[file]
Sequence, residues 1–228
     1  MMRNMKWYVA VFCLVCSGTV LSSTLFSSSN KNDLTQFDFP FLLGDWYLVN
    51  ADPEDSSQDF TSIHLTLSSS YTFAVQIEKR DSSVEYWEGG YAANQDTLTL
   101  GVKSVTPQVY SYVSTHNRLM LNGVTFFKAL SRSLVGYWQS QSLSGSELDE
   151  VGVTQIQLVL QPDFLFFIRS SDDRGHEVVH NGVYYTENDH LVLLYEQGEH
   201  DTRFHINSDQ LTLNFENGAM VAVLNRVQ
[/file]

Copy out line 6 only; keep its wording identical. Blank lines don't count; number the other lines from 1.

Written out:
   201  DTRFHINSDQ LTLNFENGAM VAVLNRVQ